UPDATE Below is a transcript of Ana’s essay on Kate Spade:
I was gonna spend a little time in this episode talking about last week’s episode, which got a fair amount of feedback. People had some feelings about just how strongly Kamau Bell and I basically dismissed Starbucks’ attempts to basically do some implicit bias training. I heard every criticism that people made. We were probably a little too cavalier, I should have spent a little more time talking about the research that’s shown basically how useless implicit bias training is, and I also probably should have given some amount of credit to the fact that they’re doing something. But when I was putting together my thoughts about how I wanted to address the criticisms that were made, I heard about Kate Spade’s death. And I’m going to be honest, because that’s what this show is about, I’m very grateful that I heard about it. Because as I was trying to process the criticisms that I heard from you all, which I take very seriously, maybe too seriously, you know I started to get in this downward spiral about all the mistakes that I’ve made with this show, and everything that I want to do better, and how the show could be so much better if I was better, and worked harder and did more. I was in the middle of that loop when I saw the news about Kate Spade. And I remembered very clearly the first Kate Spade bag I bought.
It was 1999. I bought it at her shop on Thompson, in Soho. I was an editorial assistant, I could not actually afford the purse but I bought it anyway, because it was perfect. It was about the size and shape of a lunchbox. It was stiff leather, clean and crisp. And it had two sides, it was divided with a zipper divider in the middle. I remember telling the sales woman that this bag was perfect, because I could keep my work stuff on one side, and my personal stuff on the other side. All these plans for this purse.
It was part of a dream. It was a dream purse, because I wasn’t thinking about my real life, I was thinking about this other, alternate reality where I was the kind of person who had a Kate Spade purse, and I was the kind of person whose life could be divided neatly into work and personal. I had this idea that this purse would square away my life in the same way it squared away my things, that its clean lines would make my life feel more linear, that my messy insides, which are kind of always in danger of overspilling my boundaries I drew, that they would be contained by this aesthetic that she had, this aesthetic that was just completely coordinated. She had yet to go into clothing and housewares and stationary, but between this personal story she had, where you know she was married to Jack Spade, and they had this life that looked straight out of a magazine. And she was a former editorial assistant, like I was. And her store had this amazing lush precision, she embodied all the things I thought I wanted. She had effortless style. She was a human Instagram feed twenty years before we all knew what filters were, before we started applying curating to something beyond museum exhibits.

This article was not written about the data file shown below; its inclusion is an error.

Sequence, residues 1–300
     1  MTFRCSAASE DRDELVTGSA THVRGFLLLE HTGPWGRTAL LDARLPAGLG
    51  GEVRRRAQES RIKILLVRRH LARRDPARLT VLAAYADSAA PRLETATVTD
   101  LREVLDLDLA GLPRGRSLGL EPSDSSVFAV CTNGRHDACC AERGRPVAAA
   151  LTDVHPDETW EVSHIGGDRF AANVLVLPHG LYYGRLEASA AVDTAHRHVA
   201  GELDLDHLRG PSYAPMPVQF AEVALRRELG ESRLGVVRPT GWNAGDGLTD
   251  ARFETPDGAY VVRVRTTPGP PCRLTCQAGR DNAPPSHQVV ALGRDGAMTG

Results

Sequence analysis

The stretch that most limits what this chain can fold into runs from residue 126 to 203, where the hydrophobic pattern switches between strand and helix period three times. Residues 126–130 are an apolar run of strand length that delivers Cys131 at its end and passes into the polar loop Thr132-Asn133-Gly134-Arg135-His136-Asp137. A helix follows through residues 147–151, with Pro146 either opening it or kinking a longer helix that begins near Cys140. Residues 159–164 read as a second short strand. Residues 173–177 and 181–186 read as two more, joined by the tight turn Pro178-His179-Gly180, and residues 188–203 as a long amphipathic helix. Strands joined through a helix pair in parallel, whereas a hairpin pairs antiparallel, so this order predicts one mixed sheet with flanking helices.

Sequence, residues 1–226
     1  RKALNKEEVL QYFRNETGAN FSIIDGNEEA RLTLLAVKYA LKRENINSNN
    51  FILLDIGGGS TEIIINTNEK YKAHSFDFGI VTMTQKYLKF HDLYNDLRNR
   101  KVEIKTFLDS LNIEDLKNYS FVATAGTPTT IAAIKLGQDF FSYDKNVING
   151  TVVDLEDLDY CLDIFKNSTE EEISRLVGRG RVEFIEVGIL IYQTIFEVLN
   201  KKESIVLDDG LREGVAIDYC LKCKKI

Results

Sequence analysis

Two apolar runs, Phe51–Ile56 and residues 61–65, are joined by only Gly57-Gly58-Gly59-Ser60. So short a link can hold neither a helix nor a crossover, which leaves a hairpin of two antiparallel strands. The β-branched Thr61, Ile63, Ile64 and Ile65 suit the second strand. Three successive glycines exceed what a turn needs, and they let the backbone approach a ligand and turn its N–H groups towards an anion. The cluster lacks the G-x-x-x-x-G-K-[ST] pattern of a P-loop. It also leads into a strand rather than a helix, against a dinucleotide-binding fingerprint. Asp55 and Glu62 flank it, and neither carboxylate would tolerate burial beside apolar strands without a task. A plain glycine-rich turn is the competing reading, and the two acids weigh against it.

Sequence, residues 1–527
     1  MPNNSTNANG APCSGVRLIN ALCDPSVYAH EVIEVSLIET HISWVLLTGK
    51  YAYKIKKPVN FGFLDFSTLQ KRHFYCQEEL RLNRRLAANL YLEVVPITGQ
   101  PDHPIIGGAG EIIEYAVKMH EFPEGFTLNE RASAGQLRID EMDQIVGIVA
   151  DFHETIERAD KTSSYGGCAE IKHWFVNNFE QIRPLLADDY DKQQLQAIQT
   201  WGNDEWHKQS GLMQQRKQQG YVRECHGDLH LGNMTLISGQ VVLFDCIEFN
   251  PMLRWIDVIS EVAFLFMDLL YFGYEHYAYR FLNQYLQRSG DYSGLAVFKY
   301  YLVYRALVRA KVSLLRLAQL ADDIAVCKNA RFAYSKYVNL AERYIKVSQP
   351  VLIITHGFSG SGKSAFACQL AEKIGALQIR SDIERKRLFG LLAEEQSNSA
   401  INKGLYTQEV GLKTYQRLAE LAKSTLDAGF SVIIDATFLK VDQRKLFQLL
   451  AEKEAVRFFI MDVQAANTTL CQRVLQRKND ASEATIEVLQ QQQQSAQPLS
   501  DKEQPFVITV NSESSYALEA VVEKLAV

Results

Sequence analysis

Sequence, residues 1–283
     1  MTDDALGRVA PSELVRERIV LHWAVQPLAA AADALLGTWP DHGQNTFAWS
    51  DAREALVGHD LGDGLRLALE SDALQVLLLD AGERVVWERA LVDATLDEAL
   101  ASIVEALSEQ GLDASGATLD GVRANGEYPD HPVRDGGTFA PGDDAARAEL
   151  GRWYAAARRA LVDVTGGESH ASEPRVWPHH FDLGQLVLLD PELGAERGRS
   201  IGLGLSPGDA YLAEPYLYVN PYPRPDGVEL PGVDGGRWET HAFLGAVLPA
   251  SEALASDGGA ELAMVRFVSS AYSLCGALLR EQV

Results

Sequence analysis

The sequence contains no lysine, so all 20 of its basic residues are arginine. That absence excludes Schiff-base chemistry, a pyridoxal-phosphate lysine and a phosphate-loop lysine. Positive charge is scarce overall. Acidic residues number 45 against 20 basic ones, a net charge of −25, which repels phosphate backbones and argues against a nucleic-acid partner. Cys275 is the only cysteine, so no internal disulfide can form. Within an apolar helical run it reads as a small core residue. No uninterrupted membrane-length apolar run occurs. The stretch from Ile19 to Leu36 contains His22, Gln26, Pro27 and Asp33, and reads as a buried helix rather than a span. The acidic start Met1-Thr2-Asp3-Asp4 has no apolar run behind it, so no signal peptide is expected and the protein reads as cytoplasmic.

I got older, as one does, and eventually I stopped buying Kate Spade purses, because I’m actually just not a “Kate Spade” person. It’s not really my style. But I swear to you, like right up until last week, I could still find myself lingering over her stuff, no matter what department of a store it was in. I would kinda think about, oh those sheets that would match the dress that would match the purse that would match the sunglasses that would somehow match me. Like her stuff still held for me the promise of a lifestyle perfection, complete coherence, everything going with everything.